Optionally, the protrusions 56 b are formed during a metal injection molding process that is carried out when manufacturing the appliance 20 b. As another option, the protrusions 56 b maybe formed by use of a punch process, wherein a punch tool is placed in contact with a tooth-facing side of the base 22 and urged in a buccolabial direction.

Although not shown in the drawings, the appliance 20 b may include an archwire slot that is defined in part by a lingual wall section which extends below the buccolabial side of the appliance base 22 in a lingual direction. For example, the lingual wall section may be similar to the lingual wall sections 46, 46 a described above. In those instances, the protrusions 56 b may extend in a buccolabial direction from the recessed lingual wall section. As an additional option, the protrusions 56 b may be located on the mesial and/or distal side of the lingual wall section.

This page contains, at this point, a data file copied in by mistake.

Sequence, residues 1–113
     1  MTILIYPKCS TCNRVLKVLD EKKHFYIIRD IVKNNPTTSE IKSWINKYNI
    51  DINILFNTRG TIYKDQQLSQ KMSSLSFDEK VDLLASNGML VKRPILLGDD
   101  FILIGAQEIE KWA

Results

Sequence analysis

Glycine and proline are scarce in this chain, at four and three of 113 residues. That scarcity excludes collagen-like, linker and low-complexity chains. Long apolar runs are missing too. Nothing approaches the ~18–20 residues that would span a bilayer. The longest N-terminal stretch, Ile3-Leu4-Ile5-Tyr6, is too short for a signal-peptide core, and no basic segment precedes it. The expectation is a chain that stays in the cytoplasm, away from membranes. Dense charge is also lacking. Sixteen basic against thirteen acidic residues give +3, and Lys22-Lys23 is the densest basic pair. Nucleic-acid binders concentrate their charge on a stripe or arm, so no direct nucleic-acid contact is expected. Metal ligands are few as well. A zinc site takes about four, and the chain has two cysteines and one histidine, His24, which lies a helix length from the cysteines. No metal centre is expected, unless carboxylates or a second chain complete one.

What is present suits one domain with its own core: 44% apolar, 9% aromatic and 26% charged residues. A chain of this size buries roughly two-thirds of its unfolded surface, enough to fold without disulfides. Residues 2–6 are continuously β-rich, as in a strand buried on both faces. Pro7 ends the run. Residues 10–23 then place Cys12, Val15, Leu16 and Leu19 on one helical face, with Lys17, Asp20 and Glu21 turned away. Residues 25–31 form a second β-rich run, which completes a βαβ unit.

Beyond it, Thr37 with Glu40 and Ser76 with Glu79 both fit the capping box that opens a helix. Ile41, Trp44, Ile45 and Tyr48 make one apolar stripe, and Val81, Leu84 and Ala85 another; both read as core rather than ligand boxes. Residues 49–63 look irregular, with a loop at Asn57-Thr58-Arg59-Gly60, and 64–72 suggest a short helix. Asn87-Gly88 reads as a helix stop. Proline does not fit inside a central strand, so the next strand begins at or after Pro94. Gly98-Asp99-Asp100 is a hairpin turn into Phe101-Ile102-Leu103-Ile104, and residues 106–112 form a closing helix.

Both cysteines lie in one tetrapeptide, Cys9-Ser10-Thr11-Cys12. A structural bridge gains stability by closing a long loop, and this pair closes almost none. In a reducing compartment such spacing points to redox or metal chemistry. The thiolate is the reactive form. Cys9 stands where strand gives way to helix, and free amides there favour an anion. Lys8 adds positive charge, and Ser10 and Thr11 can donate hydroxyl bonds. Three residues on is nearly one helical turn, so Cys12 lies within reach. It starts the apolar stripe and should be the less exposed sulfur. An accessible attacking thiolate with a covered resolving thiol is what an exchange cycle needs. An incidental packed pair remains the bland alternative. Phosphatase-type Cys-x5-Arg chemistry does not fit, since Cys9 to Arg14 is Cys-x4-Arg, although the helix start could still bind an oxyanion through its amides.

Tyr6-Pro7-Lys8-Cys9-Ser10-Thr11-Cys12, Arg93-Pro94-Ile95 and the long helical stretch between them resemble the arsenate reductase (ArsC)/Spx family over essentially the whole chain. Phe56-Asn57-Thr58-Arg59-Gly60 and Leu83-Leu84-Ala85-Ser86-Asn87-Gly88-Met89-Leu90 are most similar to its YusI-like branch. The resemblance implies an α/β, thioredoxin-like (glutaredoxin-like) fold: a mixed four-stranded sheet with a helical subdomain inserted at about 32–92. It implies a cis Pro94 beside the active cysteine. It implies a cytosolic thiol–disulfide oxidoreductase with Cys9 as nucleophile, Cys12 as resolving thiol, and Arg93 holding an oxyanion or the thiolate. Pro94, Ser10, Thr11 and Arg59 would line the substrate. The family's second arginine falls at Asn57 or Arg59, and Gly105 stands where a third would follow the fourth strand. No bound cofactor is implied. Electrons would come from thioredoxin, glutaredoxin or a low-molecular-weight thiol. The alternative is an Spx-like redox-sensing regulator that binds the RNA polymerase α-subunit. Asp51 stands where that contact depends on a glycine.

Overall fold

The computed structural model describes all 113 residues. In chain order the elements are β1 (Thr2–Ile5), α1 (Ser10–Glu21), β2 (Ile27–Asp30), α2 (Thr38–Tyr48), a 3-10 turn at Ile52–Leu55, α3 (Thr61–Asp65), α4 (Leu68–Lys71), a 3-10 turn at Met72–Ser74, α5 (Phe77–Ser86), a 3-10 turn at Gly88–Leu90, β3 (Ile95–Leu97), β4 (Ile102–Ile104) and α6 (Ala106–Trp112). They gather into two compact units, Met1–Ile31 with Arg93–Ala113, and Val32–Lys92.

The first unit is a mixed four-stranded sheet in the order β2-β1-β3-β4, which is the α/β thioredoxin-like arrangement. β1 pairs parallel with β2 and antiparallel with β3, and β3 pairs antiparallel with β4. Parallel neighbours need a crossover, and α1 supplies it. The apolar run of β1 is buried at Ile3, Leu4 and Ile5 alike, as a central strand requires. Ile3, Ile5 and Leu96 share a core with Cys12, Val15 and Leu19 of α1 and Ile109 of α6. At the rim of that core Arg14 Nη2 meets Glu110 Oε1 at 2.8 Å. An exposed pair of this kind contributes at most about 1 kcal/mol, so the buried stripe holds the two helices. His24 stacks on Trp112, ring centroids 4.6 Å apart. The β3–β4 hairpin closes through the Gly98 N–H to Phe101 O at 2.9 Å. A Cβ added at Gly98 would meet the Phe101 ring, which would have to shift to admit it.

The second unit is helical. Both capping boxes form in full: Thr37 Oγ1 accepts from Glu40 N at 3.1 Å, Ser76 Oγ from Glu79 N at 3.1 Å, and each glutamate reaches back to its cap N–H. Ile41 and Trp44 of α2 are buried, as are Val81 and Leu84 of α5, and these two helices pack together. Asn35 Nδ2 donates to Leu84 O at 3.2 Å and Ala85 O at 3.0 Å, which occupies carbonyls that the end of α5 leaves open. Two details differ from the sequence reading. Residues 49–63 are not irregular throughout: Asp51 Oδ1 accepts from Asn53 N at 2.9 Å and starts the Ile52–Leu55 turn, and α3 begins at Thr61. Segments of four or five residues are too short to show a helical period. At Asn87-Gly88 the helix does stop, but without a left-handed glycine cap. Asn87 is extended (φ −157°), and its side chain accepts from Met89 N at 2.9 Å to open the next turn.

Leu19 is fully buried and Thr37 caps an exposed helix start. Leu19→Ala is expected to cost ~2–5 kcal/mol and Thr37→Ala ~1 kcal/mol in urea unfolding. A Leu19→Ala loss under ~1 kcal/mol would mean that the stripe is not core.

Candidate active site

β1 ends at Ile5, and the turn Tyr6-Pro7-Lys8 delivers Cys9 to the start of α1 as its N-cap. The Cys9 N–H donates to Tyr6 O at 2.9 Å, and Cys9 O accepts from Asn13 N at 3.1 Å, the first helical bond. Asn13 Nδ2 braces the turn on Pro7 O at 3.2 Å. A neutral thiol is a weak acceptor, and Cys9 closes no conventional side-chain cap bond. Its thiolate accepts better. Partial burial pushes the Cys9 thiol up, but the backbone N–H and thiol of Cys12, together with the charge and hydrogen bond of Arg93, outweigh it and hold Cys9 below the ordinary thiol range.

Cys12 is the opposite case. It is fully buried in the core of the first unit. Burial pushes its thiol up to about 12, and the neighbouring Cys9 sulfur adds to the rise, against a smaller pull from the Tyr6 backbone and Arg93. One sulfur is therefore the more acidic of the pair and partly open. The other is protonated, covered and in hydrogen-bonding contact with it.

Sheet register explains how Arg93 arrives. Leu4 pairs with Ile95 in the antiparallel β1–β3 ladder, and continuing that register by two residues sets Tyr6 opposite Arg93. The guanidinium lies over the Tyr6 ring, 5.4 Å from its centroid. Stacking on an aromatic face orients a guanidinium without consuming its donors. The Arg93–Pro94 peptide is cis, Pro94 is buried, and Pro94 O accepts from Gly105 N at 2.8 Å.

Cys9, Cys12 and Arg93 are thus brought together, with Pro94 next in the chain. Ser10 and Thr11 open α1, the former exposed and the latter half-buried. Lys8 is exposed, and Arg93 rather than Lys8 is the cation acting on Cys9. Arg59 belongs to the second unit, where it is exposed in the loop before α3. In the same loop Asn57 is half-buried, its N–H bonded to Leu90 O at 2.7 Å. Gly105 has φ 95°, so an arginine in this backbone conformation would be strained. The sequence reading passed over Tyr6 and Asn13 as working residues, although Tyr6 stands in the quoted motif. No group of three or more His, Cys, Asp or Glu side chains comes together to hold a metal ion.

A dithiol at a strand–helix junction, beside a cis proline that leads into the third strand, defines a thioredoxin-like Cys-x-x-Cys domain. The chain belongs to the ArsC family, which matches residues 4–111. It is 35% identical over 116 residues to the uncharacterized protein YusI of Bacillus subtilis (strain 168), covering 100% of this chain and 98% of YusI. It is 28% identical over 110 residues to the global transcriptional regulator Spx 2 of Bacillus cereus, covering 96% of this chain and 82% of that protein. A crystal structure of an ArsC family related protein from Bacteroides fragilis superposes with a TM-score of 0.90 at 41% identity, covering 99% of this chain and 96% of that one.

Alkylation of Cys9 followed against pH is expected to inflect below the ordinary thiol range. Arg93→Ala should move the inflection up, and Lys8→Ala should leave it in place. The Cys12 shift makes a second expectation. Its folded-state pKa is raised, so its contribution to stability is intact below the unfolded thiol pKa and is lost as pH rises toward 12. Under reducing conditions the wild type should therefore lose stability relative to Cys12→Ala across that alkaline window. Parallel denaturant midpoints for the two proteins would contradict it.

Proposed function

A low profile orthodontic appliance 20 c according to another embodiment of the invention is partially shown in FIGS. 11 and 12. FIG. 11 is a cross-sectional view of the appliance 20 c taken in the same direction as the illustration of FIG. 10. Except as set out below, the appliance 20 c is the same as the appliance 20 b.

The appliance 20 c has two protrusions 56 c that extend in a buccolabial direction from a base 22 c of the appliance 20 c. In this embodiment, however, the protrusions 56 c are in the form of a ramp of varying thickness in a buccolabial direction. In particular, the thickness decreases as the mesial-distal center of the archwire slot 26 c is approached.